Plans for a deal under which Russia and Kazakhstan are to supply wheat to Iran have stalled as “no progress” has been made in its financing, the secretary general of the Iran Federation of Food Industry Associations said. Talks on the deal began six months ago. It would see Russia and Kazakhstan supplying wheat to Iranian flour millers, who in turn would supply flour to Iraq — a market dominated by Turkey. Iranian flour millers are operating at 50 percent of capacity and are seeking the wheat to boost sales. Iraq imports about 3 million tons of flour a year, meeting almost half of its demand of 6.9 million tons a year.
“The Iranian side had its condition – if you would like to realize such agreement, you need to finance it. There has been no progress in this process so far,” Kaveh Zargaran told Reuters on the sidelines of a grains conference in September. Under the deal, Russia would supply around 100,000 tons of wheat per month to Iranian private millers, who are not allowed to use domestic wheat for flour exports. Iran was one of the largest markets for Russian wheat until it slashed purchases in 2016 amid Tehran’s self-sufficiency drive.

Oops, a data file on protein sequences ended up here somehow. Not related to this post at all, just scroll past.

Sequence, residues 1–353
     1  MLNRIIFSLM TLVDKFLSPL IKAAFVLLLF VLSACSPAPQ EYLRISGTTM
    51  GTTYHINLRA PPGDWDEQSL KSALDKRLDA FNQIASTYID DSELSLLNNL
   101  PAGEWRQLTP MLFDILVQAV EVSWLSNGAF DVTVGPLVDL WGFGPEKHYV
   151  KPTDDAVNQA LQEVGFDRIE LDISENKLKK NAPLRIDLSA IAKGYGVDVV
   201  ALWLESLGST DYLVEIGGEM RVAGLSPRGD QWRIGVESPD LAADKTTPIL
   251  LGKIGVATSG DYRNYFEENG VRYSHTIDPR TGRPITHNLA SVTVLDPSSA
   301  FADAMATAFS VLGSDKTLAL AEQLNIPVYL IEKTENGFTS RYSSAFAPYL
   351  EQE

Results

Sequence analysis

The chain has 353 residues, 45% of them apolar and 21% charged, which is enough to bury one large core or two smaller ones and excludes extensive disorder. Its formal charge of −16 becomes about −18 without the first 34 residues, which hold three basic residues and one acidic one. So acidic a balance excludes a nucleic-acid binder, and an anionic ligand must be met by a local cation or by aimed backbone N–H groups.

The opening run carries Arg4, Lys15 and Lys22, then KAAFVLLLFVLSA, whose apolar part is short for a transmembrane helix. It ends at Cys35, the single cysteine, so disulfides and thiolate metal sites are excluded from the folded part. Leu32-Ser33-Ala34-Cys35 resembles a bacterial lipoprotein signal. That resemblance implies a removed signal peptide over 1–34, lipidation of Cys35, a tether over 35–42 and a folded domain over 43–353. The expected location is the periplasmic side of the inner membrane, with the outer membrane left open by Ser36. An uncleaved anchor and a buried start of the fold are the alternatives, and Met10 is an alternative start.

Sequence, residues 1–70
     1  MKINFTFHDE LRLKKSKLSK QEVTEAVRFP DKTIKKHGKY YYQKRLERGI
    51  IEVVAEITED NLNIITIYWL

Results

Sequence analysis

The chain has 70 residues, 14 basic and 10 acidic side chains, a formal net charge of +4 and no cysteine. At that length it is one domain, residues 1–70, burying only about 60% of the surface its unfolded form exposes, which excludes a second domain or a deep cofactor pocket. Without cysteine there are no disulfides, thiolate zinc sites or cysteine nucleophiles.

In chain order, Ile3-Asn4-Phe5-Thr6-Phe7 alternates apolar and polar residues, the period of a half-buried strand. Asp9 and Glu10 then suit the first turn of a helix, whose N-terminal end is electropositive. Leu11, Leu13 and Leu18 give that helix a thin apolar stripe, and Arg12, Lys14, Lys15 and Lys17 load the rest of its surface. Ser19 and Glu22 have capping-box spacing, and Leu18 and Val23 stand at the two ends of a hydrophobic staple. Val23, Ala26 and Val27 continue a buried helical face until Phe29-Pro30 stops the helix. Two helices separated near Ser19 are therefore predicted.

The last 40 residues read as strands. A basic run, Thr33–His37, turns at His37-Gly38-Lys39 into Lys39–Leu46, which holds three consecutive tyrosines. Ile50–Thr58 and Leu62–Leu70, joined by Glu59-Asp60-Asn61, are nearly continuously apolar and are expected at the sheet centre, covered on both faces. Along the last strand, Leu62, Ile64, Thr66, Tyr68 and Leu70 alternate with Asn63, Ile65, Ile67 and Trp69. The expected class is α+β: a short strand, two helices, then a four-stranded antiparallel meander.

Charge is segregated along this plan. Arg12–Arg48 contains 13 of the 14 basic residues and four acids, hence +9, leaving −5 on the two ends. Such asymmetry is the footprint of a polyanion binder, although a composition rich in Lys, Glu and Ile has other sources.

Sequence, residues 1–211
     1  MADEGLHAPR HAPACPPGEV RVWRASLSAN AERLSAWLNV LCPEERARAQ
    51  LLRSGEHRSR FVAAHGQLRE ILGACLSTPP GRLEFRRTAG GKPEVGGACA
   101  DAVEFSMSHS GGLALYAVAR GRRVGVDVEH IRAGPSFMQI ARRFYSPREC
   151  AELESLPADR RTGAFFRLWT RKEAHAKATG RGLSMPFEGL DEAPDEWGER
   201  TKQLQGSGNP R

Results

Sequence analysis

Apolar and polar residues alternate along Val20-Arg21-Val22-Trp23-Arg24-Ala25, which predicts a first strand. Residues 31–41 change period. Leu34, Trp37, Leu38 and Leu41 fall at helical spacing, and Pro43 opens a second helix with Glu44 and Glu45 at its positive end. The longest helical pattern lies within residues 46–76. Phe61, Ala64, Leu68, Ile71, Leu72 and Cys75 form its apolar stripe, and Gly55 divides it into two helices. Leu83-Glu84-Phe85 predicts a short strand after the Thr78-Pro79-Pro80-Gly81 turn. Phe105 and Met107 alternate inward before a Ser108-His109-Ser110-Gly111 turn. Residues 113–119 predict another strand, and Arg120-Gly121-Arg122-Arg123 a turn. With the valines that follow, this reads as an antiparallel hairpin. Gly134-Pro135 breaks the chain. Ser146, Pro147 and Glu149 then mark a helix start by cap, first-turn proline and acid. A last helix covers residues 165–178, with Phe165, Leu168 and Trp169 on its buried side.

Iran’s currency has lost about two-thirds of its value this year. Its already weak economy, troubled by difficulties at local banks, has been hit by the reimposition of US sanctions.“We have agreed with many countries to continue our banking relationship,” Zargaran said when asked if banking channels will remain open for Iran, including its humanitarian needs if any, after early November. “We all have very good friends in the region, which are also under sanctions – Iran, Turkey and Russia,” he added.
Latest data released by the Islamic Republic of Iran Customs Administration show a total of 81,638 tons of wheat flour worth $20.49 million were exported from Iran during the first four months of the current fiscal year (March 21-July 22). Iraq, Afghanistan, Qatar and Germany were the main customers of Iranian wheat flour during the period.